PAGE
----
move perpendicularly to the artificial energy landscape. This accounts for R(B⊥)<R(γ-1B||).
For fields closer to the matching condition (B⊥=B1), the pinning enhancement occurring for
perpendicular field dramatically reduces the vortex mobility, and therefore R(B⊥)<<R(γ-1B||).
According to previous work28, R(B⊥)<<R(γ-1B||) at the matching fields (i.e. for B=B1 and 2B1)
confirms that the magneto-resistance oscillations are connected to flux pinning phenomena,
and rules out that the irradiated film was merely behaving as a superconducting wire
network29 and the oscillatory magneto-resistance originated from Little-Parks30 or closely
related effects31. This is further supported by the fact that the periodic field modulation can be
seen also in JC(B) [Fig. 3 (g)], at temperatures far below TC, contrary to what is observed for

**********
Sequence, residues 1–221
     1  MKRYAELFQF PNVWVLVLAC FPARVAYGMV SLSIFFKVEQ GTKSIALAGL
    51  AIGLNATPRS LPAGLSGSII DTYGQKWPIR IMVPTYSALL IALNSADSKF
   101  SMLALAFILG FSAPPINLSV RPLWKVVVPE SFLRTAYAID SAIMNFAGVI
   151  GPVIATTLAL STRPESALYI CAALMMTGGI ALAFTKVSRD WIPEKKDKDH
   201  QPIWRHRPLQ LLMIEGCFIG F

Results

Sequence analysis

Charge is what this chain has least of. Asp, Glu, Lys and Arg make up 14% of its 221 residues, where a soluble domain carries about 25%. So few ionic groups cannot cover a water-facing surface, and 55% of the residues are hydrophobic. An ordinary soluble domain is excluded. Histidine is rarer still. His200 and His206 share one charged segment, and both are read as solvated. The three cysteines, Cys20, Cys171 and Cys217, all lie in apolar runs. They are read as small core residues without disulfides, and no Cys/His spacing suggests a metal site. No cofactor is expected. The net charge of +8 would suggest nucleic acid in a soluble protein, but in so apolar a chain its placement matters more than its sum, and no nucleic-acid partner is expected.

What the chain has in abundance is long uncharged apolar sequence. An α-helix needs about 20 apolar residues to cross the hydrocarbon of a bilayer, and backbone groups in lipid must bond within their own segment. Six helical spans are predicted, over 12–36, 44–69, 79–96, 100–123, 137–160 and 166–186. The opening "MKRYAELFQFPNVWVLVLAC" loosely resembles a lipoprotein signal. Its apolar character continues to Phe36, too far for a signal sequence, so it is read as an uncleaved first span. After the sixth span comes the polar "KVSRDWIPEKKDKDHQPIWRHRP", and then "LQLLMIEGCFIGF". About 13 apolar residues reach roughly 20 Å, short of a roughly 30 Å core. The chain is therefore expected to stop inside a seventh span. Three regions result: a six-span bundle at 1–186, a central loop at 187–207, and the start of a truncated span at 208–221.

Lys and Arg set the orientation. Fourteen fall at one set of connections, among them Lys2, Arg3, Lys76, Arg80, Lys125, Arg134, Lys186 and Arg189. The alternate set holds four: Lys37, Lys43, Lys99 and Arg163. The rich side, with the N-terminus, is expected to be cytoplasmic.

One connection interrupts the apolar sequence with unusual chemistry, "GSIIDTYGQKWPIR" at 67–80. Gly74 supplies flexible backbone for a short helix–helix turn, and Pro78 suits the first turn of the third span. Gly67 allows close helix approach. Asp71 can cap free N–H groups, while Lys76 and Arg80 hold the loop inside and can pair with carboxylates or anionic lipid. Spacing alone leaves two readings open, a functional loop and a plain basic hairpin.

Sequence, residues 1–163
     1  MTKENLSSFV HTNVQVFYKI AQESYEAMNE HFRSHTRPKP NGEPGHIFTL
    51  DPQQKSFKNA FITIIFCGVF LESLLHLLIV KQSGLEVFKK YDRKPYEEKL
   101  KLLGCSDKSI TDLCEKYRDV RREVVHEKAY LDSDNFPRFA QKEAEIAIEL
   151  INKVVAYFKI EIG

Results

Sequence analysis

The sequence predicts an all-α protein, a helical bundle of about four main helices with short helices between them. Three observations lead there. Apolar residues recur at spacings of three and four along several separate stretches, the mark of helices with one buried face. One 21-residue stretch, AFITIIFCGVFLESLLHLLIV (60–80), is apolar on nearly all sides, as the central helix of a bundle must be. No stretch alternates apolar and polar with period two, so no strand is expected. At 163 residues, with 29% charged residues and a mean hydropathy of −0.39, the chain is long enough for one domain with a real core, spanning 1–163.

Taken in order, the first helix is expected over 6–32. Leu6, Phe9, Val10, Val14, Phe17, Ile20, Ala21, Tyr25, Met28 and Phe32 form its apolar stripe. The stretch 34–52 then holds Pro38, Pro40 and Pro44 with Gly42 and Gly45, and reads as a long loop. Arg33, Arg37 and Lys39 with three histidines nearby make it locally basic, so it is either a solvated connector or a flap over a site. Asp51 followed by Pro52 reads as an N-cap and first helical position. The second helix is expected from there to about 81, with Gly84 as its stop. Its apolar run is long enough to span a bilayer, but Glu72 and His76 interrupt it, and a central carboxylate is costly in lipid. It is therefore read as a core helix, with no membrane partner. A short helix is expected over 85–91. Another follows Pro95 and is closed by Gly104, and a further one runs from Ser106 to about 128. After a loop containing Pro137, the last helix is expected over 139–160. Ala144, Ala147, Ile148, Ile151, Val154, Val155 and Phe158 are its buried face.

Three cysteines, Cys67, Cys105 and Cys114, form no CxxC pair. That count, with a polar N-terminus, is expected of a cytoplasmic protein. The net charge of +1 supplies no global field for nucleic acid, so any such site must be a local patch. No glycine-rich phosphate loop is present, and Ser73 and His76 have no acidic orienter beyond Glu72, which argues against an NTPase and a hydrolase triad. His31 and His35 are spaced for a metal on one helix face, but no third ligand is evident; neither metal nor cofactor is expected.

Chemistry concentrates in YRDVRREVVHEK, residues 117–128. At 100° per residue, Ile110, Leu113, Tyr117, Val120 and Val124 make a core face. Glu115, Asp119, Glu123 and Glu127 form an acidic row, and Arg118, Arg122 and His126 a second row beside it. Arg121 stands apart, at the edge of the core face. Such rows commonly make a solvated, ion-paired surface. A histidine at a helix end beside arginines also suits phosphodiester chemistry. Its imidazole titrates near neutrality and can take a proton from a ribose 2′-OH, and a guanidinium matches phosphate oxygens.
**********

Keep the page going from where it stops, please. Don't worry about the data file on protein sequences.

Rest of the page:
flux quantization effects in superconducting wire networks31. Finally, in the high field regime
B>~5 kOe, even though the commensurability effects are not visible, the presence of the
periodic energy landscape produces a somewhat reduced anisotropy (γ~4) as compared to
In summary, we have a developed a masked irradiation technique to engineer the
energy landscape for flux quanta in high-temperature superconductors. This approach offers
the unique advantage that it allows i) shaping the vortex energy landscape at a nanometric
scale, and ii) independently tuning the depth of the energy wells. Based on this ability, our
experiments evidence the role of vortex channelling effects in determining the strength of
flied matching effects in artificial energy landscapes. Finally, we demonstrate the possibility